Neoliberalism and its Global Effects

The advancements of the Keynes theory faced great criticism as the events of great depression faded into oblivion and with the stagflation that prevailed in the 1970s (Krugman, “How Did Economists” 3). After approximately 30 years of its application from 1945, a new regime of economic ideology emerged. The new school of thought – neoliberalism – contended that government intervention at times of economic adversity, actually did not lead to better outcome since the policies instituted had more grave problems than the challenges of depression (Colander 201). This school advanced similar arguments like the laissez-faire classical theory advising the roll back in government economic interventions and that more control of economic outcomes ought to be left in the domain of the market forces (Wade 5; Krugman, “How Did Economists” 2). The strategy for the neoliberalism was that state policy ought to be inclined towards privatization, deregulation and liberalization (Wade 5; Golob, podnar and Lah, 627).

The neoliberalism school of thought, unlike the classical liberal view, however, was expanded to global realms. It advanced that international markets ought to be liberalized, protectionist stances such as tariffs weakened and that the sure way for development even in the weaker economies was allowing free trade (Shah 1; Woong 63). Such a thought reflected on the earlier classical focus on the production side to create its own demand, only that the new trend focused on the producer being allowed unabated access to the international markets (Shah 1). Acting as primer to such economic shift were various wars (and colonization of other countries) with justifiable reasons as humanitarian intervention but whose underlying cause was trade and access to cheap resources (Shah 1). Further the concept was associated with technological advances that allowed improved communication around the world (Golob, podnar and Lah, 627). The core policies of neoliberalism as evidenced by some of its offshoots such as the Washington consensus and the economic globalisation were thus; to allow the market to self regulate, reduction on government expenditure on social services, deregulation, and privatization of public entities (Shah 1).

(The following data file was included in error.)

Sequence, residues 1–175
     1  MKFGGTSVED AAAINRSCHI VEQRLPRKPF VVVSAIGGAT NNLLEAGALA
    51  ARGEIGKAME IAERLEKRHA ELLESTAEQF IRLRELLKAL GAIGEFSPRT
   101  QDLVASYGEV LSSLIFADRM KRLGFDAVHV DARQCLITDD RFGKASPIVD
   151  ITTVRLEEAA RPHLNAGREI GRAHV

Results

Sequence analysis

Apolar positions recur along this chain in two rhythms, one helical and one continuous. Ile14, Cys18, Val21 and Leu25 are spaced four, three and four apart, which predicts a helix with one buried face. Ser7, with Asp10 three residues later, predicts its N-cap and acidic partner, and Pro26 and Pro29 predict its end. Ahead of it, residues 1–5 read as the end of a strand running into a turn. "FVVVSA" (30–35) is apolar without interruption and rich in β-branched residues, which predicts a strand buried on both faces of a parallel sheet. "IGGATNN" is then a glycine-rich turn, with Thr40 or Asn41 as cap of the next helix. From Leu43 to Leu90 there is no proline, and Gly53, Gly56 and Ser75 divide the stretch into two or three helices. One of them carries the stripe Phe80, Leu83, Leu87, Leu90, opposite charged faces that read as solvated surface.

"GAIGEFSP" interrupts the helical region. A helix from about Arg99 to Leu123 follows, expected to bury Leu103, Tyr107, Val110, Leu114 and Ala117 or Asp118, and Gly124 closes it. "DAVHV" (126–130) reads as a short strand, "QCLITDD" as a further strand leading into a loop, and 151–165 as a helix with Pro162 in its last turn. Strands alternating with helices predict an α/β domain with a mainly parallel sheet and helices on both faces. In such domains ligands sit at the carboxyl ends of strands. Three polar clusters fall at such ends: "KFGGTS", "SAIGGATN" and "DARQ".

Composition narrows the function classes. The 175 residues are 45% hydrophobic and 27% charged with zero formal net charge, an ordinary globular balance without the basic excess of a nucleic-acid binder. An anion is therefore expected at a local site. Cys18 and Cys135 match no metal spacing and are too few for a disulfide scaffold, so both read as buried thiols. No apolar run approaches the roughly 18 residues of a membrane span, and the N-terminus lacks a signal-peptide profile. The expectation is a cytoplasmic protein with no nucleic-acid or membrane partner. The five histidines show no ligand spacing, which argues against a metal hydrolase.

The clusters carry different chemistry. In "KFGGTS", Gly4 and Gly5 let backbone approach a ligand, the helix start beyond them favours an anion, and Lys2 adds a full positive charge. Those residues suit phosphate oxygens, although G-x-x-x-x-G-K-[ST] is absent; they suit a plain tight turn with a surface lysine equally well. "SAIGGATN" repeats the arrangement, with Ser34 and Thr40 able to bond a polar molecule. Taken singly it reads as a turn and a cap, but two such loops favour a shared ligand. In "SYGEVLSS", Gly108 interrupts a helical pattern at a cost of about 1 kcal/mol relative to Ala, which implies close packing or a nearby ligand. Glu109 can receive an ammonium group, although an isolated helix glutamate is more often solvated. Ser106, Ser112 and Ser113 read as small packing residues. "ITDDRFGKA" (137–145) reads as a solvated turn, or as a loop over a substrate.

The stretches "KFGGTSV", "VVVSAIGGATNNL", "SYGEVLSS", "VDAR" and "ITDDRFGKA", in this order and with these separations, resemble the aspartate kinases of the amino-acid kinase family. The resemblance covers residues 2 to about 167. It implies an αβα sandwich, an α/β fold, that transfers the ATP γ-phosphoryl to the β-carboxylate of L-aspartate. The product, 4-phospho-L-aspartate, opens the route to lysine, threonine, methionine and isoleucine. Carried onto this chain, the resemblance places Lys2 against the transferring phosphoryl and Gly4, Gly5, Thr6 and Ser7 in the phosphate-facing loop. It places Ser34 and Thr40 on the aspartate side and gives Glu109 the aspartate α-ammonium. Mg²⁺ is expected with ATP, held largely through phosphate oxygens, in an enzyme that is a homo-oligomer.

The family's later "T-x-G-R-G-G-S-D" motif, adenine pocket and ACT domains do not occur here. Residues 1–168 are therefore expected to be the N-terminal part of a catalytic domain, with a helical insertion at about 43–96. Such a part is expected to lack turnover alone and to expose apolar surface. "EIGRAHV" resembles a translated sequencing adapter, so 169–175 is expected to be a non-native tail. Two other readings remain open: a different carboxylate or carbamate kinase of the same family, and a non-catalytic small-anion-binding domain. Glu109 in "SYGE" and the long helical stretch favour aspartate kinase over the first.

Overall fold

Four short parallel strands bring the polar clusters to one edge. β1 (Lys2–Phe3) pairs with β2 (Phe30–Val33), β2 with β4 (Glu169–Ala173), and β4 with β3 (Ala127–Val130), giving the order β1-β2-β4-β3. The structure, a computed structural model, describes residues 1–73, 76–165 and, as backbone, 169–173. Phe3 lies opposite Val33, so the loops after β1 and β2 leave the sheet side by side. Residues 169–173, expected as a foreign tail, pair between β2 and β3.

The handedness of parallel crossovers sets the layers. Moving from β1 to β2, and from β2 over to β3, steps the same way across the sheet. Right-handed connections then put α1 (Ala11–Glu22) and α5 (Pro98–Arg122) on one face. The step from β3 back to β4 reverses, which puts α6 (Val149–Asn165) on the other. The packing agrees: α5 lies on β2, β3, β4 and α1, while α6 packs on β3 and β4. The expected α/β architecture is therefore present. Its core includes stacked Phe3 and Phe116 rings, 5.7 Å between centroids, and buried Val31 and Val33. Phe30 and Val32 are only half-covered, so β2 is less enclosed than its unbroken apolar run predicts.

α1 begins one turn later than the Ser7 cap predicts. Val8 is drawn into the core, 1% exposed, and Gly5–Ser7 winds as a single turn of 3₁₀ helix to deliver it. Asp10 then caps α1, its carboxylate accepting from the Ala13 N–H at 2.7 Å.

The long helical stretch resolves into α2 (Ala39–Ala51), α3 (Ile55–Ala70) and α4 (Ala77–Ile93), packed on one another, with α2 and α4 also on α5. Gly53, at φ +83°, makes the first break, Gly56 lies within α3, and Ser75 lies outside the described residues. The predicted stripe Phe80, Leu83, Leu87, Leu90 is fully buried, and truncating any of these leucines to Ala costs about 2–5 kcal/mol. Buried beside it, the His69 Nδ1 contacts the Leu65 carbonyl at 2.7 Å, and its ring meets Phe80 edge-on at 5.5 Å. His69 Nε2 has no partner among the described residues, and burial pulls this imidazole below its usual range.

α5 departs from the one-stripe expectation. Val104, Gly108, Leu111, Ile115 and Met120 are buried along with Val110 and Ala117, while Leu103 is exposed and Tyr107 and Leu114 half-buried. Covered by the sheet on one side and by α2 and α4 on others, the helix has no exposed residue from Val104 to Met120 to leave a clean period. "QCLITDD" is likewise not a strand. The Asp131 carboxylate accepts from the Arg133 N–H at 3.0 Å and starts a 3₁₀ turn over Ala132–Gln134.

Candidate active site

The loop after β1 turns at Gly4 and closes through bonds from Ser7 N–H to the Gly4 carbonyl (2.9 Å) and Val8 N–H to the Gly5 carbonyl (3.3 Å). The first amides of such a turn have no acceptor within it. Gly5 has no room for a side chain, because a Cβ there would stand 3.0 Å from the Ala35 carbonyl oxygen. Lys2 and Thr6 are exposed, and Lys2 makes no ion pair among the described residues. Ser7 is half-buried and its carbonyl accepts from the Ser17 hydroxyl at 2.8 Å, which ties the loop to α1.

One of the offshoots of neoliberalism was the Washington consensus. The Washington consensus was a list of ten policies that the author – John Williamson – argued were generally perceived, in Washington, to be desirable in bringing about development in Latin America and largely interpreted as prescriptions for economic development for the developing economies (Williamson 1; Fischer 6). The consensus had ten elements; (a) instituting fiscal discipline by maintaining small budget deficits that can be financed without the aid of inflation tax (b) to prioritise public expenditures towards more “economically sound” areas such as education, health and infrastructure, (c) tax reforms aimed at broadening the tax base and moderating marginal tax rates, (d) liberalized financial markets that are allowed to determine the interest rates, (e) unified exchange rate that was competitive enough to allow rapid increase in non traditional exports, (f) import liberalization through progressive reduction of quantitative trade restrictions, (g) encouraging foreign direct investment by elimination of barriers, (h) privatization of state corporations to generate efficiency and profitability, (i) deregulation with an aim of promoting new firms’ entry or spurring competition and, (j) protection by providing secure property rights (Williamson 3-12; Fischer 6). Such consensus was representative of what neoliberalism embodied and was the policy that characterised global economies that were indoctrinated to the system.